lists  /  announce  owl-users  owl-dev  john-users  john-dev  passwdqc-users  yescrypt  popa3d-users  /  oss-security  kernel-hardening  musl  sabotage  tlsify  passwords  /  crypt-dev  xvendor  /  Bugtraq  Full-Disclosure  linux-kernel  linux-netdev  linux-ext4  linux-hardening  PHC 
Open Source and information security mailing list archives
Hash Suite: Windows password security audit tool. GUI, reports in PDF.
[<prev] [next>] [<thread-prev] [thread-next>] [day] [month] [year] [list]
Date:	Fri, 07 Dec 2007 03:47:49 -0800 (PST)
From:	Jakub Narebski <>
To:	Al Boldi <>
Cc:	Andreas Ericsson <>,
	Johannes Schindelin <>,
	Phillip Susi <>,
	Linus Torvalds <>,
	Jing Xue <>,,
Subject: Re: git guidance

Al Boldi <> writes:
> Andreas Ericsson wrote:

>> So, to get to the bottom of this, which of the following workflows is it
>> you want git to support?
>> ### WORKFLOW A ###
>> edit, edit, edit
>> edit, edit, edit
>> edit, edit, edit
>> Oops I made a mistake and need to hop back to "current - 12".
>> edit, edit, edit
>> edit, edit, edit
>> publish everything, similar to just tarring up your workdir and sending
>> out ### END WORKFLOW A ###
>> ### WORKFLOW B ###
>> edit, edit, edit
>> ok this looks good, I want to save a checkpoint here
>> edit, edit, edit
>> looks good again. next checkpoint
>> edit, edit, edit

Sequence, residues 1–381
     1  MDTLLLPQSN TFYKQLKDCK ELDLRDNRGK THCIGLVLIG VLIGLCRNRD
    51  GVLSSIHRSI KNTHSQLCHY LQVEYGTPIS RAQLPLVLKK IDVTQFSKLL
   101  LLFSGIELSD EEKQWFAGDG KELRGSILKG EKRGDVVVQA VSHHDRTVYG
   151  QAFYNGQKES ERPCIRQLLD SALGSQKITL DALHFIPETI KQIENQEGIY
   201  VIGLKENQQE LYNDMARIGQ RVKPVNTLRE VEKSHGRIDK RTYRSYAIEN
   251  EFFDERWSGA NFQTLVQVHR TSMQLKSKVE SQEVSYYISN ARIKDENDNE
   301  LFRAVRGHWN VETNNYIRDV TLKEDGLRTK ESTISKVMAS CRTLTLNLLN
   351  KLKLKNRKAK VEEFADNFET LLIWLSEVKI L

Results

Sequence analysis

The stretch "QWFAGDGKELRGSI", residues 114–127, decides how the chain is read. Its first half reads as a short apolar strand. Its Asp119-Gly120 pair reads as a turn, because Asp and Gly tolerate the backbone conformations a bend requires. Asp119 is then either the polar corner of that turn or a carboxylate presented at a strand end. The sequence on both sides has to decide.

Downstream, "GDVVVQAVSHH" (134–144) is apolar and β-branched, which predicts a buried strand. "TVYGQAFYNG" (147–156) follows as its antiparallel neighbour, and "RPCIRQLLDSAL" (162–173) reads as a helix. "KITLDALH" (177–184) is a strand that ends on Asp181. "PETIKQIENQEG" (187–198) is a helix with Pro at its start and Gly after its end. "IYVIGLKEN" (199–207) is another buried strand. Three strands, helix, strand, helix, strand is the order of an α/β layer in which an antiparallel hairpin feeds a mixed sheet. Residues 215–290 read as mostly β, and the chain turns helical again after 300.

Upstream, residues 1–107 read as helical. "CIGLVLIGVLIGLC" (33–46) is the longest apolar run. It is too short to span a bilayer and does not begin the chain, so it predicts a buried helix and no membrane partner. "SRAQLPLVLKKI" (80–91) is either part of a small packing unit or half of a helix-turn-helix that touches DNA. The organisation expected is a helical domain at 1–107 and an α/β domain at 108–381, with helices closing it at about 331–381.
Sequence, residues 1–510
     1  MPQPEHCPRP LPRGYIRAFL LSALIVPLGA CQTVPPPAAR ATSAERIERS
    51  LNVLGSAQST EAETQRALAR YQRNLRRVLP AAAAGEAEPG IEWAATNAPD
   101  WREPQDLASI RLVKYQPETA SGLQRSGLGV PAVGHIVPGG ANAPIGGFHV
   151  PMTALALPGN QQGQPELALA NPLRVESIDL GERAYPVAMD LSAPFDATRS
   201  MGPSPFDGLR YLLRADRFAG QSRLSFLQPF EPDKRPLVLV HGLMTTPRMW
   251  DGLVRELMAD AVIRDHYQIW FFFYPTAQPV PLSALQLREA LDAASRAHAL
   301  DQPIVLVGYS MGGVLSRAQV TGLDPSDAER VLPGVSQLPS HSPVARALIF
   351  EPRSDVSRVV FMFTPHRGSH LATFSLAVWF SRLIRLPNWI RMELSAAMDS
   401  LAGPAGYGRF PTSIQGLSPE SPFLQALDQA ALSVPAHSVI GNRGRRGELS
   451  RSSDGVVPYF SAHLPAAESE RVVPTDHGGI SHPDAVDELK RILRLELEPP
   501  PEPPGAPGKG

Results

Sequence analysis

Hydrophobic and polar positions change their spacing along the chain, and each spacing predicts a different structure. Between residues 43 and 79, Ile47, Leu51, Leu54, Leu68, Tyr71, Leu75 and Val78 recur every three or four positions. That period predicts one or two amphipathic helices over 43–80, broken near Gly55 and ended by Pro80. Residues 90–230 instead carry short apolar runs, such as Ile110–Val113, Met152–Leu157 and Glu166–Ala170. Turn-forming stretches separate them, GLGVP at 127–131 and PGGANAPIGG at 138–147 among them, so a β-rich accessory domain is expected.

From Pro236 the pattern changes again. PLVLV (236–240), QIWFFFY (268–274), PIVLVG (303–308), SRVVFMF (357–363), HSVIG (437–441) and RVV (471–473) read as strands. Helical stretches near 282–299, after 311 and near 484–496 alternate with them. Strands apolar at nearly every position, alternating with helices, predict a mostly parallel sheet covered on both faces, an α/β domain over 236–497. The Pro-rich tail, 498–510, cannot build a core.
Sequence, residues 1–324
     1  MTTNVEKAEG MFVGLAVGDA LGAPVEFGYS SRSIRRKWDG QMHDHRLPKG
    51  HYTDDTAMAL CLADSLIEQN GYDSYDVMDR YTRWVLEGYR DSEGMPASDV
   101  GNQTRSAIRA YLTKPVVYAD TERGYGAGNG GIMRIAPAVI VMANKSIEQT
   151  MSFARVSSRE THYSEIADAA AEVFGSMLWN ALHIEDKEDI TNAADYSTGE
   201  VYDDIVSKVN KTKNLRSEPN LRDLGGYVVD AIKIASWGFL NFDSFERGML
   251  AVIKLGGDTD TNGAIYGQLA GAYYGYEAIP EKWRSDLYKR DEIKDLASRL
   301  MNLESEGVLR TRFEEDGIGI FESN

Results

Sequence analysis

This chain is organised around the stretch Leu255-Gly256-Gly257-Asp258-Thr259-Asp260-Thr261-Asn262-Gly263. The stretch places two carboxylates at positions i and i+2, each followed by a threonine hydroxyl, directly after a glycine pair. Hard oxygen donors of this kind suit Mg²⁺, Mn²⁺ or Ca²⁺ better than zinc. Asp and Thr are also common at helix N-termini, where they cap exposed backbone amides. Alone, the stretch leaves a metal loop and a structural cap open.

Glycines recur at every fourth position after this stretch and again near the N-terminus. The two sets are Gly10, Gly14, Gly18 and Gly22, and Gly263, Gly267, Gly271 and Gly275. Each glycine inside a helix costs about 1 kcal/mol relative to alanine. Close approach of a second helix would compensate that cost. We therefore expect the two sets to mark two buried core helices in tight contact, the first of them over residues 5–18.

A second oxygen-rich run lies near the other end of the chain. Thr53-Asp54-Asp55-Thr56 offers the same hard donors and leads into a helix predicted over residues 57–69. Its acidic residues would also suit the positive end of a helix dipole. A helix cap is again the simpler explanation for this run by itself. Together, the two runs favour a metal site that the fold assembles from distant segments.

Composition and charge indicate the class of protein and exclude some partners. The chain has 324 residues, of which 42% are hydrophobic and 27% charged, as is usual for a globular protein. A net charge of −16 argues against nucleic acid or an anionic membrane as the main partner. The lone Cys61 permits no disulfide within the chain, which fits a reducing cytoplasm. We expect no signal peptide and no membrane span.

>> oh crap, back to checkpoint 2
>> edit, edit, edit
>> ooh, that's better. save a checkpoint and publish those checkpoints
>> ### END WORKFLOW B ###
> ### WORKFLOW C ###
> for every save on a gitfs mounted dir, do an implied checkpoint, commit, or 
> publish (should be adjustable), on its privately created on-the-fly 
> repository.
> ### END WORKFLOW C ###

It looks like it is WORKFLOW A (with the fact that each ',' is file
save stated explicitely rather than implicitely).
> For example:
>   echo "// last comment on this file" >> /gitfs.mounted/file
> should do an implied checkpoint, and make these checkpoints immediately 
> visible under some checkpoint branch of the gitfs mounted dir.
> Note, this way the developer gets version control without even noticing, and 
> works completely transparent to any kind of application.

Why not use versioning filesystem for that, for example ext3cow
(which looks suprisingly git-like, when you take into account that
for ext3cow history is linear and centralized, so one can use date
or sequential number to name commits).

See GitLinks page on Git Wiki, "Other links" section:

Version control system is all about WORKFLOW B, where programmer
controls when it is time to commit (and in private repository he/she
can then rewrite history to arrive at "Perfect patch series"[*1*]);
something that for example CVS failed at, requiring programmer to do
a merge if upstream has any changes when trying to commit.

[*1*] I have lost link to post at LKML about rewriting history to
      arrive at perfect patch _series_. IIRC I have found it first
      time on this mailing list. I would be grateful for sending this
      link if you have it. TIA.

Jakub Narebski
ShadeHawk on #git
To unsubscribe from this list: send the line "unsubscribe linux-kernel" in
the body of a message to
More majordomo info at
Please read the FAQ at

Powered by blists - more mailing lists